Re: Ethics of being a Creator

Henri Kluytmans (
Sat, 25 Apr 1998 21:19:42 +0200

I wrote:
> When the creator has enough power to simulate a universe, he most
> also have enough power to merge the backup copies of earlier states
> with the later backups of the degraded states, and to construct
> from those multiple states a "healthy" state, containing all memories
> of the being. Of course one has to define what a "healthy" state is
> first.

Anders Sandberg wrote:
>Huh? This doesn't follow. I can set up a big game of life simulation
>(or something similar, perhaps Tierra) right now on this computer, but
>even if I discovered intelligent entities inside it after a while I
>wouldn't know what to do with them. Sure, that huge stretch of digital
>code is an intelligent entity, but I have no idea of how it works, how
>to merge its memories (which might be impossible even in principle for
>an Alzheimer-like case, where the memory substrate would be
>non-isomorphic over time) or what it would consider "healthy" ("Poor
>humans, guts riddled with bacteria. I'll resurrect them completely
>without any bacteria, then they will be healthy and happy!").

I think al this can be solved in principle. The question is only
how much time it requires. I think that all intelligent sentient
beings can be detected in principle. Of course I can't prove that.
This would equal creating a formal definition of sentience, which
nobody has been able to do yet.

You could for example record al the intermediate states of the
simulation. (When the simulation is deterministic you wouldn't
even have to do that. You would only have to remember the
beginning state of the simulation and its total duration.)

Then afterwards, the creator could in principle examine the
simulation in detail. Dependable on the complexity of the
sentient beings he wants to detect this examination could
take a time extremely much longer than the duration of the
simulation itself. The question is only, does it take longer
than time the creator will exist.

I expect it will not be that difficult for the creator to
detect sentient lifeforms in simulations. For example it
is also not so difficult for humans to detect selfreplicating
systems and moving systems in the "game of life". Of course
these current universes are much to small to create sentient
or even intelligent beings.

>Even if I happen to be a posthuman jupiter brain, I will still be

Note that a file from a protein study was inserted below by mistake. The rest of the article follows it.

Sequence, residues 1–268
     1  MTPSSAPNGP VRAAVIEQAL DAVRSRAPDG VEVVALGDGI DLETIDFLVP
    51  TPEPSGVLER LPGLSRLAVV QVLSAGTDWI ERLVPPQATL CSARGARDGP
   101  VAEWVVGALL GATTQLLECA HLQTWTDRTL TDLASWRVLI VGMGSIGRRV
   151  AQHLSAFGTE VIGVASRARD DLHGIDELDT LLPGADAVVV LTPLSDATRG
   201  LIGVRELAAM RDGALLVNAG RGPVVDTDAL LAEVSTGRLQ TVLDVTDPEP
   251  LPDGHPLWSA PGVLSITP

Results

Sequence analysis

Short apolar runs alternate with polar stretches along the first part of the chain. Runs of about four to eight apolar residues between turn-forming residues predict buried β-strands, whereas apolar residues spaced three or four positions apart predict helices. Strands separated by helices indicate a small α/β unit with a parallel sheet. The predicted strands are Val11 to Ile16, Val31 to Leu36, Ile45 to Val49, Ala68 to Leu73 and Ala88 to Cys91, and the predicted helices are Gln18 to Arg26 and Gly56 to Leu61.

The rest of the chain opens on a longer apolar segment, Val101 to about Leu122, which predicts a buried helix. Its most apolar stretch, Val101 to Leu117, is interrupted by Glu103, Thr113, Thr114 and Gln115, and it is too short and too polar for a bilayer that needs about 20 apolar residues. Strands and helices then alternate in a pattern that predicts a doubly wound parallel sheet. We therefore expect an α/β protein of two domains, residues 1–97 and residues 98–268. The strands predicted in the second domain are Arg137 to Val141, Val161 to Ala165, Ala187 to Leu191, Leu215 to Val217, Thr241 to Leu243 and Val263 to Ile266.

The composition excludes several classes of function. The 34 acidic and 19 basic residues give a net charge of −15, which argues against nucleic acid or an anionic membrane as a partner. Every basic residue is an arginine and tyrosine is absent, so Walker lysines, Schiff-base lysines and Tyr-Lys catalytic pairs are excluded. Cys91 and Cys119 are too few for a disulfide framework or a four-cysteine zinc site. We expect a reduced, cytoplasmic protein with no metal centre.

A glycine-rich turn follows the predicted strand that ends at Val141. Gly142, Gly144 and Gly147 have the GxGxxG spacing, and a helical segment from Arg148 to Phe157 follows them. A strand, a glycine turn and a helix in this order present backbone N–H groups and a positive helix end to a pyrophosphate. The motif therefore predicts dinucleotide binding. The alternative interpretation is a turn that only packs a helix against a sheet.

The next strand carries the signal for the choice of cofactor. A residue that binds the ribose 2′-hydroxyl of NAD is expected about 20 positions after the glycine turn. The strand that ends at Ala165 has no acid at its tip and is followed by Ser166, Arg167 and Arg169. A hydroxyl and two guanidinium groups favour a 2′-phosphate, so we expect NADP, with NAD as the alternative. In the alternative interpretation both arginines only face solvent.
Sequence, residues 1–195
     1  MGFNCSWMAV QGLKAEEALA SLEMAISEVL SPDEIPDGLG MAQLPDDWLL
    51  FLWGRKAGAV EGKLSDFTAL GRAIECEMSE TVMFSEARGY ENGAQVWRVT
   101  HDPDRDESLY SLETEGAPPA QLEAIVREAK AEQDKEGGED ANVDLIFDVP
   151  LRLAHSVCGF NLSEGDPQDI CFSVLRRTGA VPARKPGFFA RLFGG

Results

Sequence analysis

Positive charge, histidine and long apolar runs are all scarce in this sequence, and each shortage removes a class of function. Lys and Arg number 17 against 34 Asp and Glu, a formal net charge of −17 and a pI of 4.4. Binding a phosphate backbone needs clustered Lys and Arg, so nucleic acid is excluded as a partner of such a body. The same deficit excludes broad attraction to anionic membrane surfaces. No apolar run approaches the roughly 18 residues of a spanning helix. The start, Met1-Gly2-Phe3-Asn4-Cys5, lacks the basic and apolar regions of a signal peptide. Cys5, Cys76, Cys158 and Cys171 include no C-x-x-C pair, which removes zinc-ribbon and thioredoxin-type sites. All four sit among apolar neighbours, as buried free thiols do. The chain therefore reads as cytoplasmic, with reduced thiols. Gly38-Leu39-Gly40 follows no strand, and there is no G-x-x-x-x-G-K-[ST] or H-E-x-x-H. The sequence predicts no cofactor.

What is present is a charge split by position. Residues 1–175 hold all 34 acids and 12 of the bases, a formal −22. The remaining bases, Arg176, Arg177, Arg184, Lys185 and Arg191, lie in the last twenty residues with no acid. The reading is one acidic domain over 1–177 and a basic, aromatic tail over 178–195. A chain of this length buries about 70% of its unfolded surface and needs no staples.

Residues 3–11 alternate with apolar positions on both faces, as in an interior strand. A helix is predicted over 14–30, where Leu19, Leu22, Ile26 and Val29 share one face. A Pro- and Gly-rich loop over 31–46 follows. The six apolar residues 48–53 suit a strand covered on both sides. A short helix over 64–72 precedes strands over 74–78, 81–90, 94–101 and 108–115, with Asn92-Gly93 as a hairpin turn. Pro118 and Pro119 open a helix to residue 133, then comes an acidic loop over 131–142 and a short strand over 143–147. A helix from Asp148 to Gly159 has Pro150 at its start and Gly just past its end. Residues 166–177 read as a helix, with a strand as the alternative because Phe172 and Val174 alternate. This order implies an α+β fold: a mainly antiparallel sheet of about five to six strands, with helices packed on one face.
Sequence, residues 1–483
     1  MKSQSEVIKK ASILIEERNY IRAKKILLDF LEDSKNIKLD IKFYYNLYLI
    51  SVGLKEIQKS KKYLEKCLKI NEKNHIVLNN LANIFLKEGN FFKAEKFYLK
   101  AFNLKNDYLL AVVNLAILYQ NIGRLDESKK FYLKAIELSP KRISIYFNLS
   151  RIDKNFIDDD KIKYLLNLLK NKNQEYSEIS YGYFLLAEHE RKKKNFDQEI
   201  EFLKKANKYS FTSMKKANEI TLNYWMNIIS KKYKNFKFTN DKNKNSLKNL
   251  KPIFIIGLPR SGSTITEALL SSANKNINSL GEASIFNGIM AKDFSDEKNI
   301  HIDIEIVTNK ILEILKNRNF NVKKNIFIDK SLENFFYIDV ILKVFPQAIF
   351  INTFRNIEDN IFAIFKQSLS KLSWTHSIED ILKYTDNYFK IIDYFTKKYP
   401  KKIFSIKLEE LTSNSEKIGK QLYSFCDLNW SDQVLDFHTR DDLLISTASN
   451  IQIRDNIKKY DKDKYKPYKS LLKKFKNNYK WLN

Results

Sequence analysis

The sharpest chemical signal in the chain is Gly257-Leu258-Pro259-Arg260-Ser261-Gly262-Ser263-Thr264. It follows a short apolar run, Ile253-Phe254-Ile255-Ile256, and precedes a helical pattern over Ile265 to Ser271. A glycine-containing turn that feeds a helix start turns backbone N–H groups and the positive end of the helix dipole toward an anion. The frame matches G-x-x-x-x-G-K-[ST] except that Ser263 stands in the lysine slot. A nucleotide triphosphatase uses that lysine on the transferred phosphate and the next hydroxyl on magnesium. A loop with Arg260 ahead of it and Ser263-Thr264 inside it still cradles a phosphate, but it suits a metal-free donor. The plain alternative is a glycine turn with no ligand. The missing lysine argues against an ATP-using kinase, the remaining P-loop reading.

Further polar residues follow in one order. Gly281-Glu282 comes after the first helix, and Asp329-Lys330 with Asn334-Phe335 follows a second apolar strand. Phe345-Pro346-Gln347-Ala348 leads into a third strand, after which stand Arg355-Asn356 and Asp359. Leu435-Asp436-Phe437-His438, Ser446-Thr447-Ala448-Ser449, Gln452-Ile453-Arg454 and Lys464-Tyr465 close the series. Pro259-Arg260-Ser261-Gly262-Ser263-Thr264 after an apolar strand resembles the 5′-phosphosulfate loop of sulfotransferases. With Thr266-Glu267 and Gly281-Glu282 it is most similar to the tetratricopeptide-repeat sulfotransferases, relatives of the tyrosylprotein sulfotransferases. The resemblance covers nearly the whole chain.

>limited in my knowledge about the behavior of complex systems such as
>simulated universes.

But you could learn...

I wrote:
> If sentient beings will develop (that are also able to selfreproduce)
> it is very likely they will transform their environment considerably.
> This process is exponential. (Look at how the human beings have
> already transformed our environment (Earth). And how we could likely
> transform are whole galaxy within a million years.)
> This reasoning presumes that reproducing sentient beings will at one
> time develop a technological civilization. I think however that this
> is quite likely.

Anders Sandberg wrote:
>Only in worlds like ours where there exists objects that can be used
>as tools. I would expect that an intelligent game of life pattern
>might live in a world where this is almost impossible - there is no
>way of moving anything without changing it. And in Tierra, the tools
>might be code integral to the entities or symbiotic creatures instead.

Systems in "game of life" worlds can alter their surroundings.
When they do this in an indirect way, this could be considered
using tools. I don't see why tools can't also exist in "game of life"

> >Third, the afterlife is rather underdetermined: how to
> >keep the entities from pain *there*?
> When the entities are restored in a separate simulation there
> is now no reason anymore not to communicate with them. So the
> creator could ask the sentient beings themselves if they are happy
> or not. Or even give them the capabilities to alter themselves
> in to a state they individually prefer.

>This assumes we can easily communicate with them. But how do we start
>exchanging communication with entities with a fundamentally extremely
>different world

I didn't assume it should be very easy. But it shouldn't be to hard
to communicate with other intelligent sentient beings. We will have
enough in common. It should be just as hard as communicating with
any other intelligent sentient lifeform.

>(like Tierrans, with a world consisting of computing
>nodes and nonlocal memory indexed by templates and energy appearing if
>you do certain things but not other things)?

Interesting, where can I find more about these Tierrans?

>I think it can be done, but it would be extremely hard to do, and
>the process might be rather painful for the entities again (imagine
>being resurrected all alone in a weird caricature of the real world
>where *something* tries to communicate with you - and if you die,
>you are immediately resurrected).

The idea was they would be resurrected together with other
individuals form their world. And why should the resurrection
world be made a weird caricature of their real world. It could
just as well be made as familiar as possible to their real world.

This whole issue reminds me a bit of the Riverworld saga by
Philip Jose Farmer. Here all the people who have once lived
on Earth are resurrected on another planet along the banks
of an extremely long river. The river is spiraling the whole
surface of the planet and the river valleys are separated
by insurmountable mountains. The people are restored with full
health in 25 year old bodies. When killed they will
immediately be resurrected at another location. I enjoyed these
books very much. :->

>Hkl ------> Technology & Future at
Transcedo --> Dutch Transhumanist Society
Because the future is where we will spend the rest of our lives ...
You see things and ask "Why?" ; I dream things and ask "Why not?"